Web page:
As the years pass, we're starting to get a better and better look at just how utterly insane some Wall Streeters' lives were during the financial industry's last boom time—specifically the late '90s, and more broadly, the decade before the financial crash of 2008. Everyone was getting rich, and everyone felt they always were going to be rich, and it all led to some tremendously self-destructive behavior from the trading floor's Big Swinging Dicks: Think a lot of cocaine. $1,000-a-night escorts. Seven nights out, every week. This kind of stuff still goes on, of course, but when Wall Street declines, so do the BSDs. And we're now far enough away from that period of time for some of its players to, finally, tell their stories.
One former trader, Turney Duff, has written a book about his time working at The Galleon Group, a hedge fund run by the disgraced Raj Rajaratnam, who's now in jail for insider trading. The New York Post ran an excerpt today from the book, called The Buy Side. It was probably the most seedy and fascinating thing I've read this week. A couple of highlights:
Summer 2002: I can smell the tequila I drank last night. It oozes from my pores. I’m still wearing my blue Prada suit from yesterday. It looks like I’ve just pulled it out of a gym bag. I have 10 clean ones just like it hanging in my closet, but I woke up late again. I wonder what my personal shoppers at Barney’s would think if they saw me right now. I reek of cigarettes, too. It feels like my teeth are wearing little wool sweaters.
The trading desk is surrounded by glass. I work in a fish bowl. I’m in the middle of a newly renovated office on Park Avenue . . . As the opening bell rings, every muscle in my body clenches. I sit upright and try to focus on the eight computer screens in front of me. There are 25 orders on my desk, each from five to 10 million dollars and involving some sort of investment decision. My head throbs.
Forty-five minutes later: There’s an ounce of cocaine piled in the microwave. An additional few thousand dollars’ worth of blow sits on a single plate in the kitchen. The place is littered with Grey Goose bottles, ice, cups, and straws for snorting. We call this East Side apartment the White House for obvious reasons, but it’s more like a Wall Street crack house. Randy and James [two sell side traders] live here. Everything is provided and paid for, compliments of the sell side ... They like to please their clients. Tonight they were kind enough to order in: Chinese and Mexican escorts. I watch as two American Express black cards fly through the air across the kitchen. They land right on top of the blow. James uses the cards to chop the cocaine as 12 guys roll up their shirtsleeves. One of the hookers, Adelina, a large-breasted firecracker, drags a finger across my chest. Two traders who work for a hedge fund in Connecticut — and raced here by car service — grab the Asian twins and head to the bedroom. Dr. Fish, a 300-pound sales trader who grew up in the Florida Keys, lays claim to Adelina and escorts her to the other back bedroom . . .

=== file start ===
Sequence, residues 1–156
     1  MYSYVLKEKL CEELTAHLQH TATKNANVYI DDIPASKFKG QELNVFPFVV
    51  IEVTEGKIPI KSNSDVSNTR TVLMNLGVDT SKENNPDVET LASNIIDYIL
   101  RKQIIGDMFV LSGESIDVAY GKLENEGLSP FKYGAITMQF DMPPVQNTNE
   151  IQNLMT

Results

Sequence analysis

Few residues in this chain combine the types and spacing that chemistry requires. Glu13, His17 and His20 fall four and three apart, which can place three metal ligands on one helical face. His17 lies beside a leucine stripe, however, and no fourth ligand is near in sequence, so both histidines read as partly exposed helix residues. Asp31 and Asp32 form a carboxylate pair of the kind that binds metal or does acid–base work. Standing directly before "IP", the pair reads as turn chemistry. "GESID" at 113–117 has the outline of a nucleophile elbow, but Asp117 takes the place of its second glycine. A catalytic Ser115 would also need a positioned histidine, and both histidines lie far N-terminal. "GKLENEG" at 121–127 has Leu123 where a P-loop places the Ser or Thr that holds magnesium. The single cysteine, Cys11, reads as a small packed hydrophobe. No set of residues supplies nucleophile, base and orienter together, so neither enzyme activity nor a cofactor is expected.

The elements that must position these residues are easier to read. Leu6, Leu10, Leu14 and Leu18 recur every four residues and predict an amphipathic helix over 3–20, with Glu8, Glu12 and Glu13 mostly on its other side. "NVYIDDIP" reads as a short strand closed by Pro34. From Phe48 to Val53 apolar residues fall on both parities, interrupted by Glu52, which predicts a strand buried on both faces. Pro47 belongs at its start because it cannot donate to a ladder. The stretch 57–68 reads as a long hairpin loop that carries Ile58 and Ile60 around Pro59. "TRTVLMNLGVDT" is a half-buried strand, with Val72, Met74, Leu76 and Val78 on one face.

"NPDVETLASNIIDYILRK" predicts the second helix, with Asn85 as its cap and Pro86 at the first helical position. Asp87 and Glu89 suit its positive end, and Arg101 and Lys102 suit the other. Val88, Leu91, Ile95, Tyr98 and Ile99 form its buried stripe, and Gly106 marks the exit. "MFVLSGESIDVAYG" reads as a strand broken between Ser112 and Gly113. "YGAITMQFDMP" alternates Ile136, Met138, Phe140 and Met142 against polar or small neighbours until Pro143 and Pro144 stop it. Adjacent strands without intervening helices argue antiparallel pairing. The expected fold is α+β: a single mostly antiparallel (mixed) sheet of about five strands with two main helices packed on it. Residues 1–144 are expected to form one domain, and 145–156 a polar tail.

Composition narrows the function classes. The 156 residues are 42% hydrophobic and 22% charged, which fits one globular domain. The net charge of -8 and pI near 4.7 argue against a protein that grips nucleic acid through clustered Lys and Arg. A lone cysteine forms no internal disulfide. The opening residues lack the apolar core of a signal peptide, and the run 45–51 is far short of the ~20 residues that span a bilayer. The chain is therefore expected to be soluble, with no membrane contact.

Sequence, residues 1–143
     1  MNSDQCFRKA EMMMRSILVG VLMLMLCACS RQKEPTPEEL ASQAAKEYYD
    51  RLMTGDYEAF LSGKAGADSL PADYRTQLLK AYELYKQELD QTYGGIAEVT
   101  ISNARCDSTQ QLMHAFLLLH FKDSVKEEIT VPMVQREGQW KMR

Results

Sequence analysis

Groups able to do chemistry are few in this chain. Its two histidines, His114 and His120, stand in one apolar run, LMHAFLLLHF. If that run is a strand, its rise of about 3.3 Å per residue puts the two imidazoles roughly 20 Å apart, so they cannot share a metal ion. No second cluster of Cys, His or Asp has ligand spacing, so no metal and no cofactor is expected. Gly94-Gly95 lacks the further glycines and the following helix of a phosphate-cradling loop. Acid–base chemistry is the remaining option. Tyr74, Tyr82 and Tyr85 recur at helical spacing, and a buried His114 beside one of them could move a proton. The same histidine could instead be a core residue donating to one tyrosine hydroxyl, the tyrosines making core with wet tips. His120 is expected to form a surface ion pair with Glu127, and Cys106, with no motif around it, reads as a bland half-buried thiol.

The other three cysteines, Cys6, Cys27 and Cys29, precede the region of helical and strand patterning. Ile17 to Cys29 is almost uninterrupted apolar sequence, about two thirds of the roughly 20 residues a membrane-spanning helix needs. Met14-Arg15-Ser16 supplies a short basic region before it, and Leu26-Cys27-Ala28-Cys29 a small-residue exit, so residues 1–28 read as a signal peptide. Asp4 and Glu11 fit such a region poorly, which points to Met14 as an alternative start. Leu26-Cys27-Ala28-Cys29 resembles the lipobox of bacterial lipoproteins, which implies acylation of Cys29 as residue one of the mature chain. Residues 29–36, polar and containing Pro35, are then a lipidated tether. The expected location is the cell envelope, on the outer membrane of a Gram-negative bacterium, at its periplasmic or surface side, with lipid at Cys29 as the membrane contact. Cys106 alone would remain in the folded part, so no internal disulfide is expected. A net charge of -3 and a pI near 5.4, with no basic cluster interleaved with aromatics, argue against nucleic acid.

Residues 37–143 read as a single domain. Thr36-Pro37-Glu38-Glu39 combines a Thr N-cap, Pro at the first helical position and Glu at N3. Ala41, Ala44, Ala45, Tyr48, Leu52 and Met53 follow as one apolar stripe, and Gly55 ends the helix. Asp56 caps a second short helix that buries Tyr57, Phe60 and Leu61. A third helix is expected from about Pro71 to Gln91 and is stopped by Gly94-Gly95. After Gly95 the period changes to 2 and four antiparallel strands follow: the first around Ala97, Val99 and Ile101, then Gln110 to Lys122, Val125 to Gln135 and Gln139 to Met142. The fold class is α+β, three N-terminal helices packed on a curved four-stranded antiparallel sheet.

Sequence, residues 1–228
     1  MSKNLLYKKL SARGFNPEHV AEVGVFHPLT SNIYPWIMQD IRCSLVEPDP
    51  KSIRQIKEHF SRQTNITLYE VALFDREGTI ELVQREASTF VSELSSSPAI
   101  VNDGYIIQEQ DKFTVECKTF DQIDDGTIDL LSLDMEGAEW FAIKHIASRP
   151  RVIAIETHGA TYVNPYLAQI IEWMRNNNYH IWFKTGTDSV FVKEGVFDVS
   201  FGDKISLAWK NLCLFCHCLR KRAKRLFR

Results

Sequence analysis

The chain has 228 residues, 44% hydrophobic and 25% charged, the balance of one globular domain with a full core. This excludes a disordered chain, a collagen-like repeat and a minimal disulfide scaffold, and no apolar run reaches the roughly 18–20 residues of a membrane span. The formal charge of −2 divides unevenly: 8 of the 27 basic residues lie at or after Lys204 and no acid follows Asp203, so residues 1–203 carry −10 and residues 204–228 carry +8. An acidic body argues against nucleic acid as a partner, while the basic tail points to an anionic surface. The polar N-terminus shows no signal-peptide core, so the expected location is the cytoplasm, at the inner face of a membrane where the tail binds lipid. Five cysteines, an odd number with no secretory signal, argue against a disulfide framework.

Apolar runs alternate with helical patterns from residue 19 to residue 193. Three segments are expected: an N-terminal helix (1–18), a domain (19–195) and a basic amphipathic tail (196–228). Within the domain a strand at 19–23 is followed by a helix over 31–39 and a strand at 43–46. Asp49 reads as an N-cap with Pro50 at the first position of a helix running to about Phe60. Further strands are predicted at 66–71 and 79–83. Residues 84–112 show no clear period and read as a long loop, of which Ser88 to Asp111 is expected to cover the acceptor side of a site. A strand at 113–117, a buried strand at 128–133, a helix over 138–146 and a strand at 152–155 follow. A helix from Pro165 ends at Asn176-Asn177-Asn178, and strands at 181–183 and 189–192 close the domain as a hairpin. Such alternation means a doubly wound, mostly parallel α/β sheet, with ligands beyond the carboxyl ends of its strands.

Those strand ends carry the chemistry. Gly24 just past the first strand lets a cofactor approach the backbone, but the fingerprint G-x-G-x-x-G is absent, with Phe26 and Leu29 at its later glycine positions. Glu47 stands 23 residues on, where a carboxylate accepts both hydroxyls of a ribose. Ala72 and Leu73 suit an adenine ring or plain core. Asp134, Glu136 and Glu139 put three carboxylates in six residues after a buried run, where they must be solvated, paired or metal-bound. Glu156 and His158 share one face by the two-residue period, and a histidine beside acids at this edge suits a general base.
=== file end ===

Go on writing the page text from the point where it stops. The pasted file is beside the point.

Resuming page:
Duff goes on to detail a typical night out at the W Hotel, a chat with college girls on the prowl for sugar daddies, and, of course, a 4 a.m. phone call to a Manhattan escort. When you have more money than God, this is how you do it.
Oh, and this is how the excerpt ends: "On the street, I look at my phone, its 5:42 a.m. I need to go home and change my suit." I'd be dead after a week with this lifestyle. Read the whole thing here.
[Hilarious picture of cocaine abuser via Shutterstock]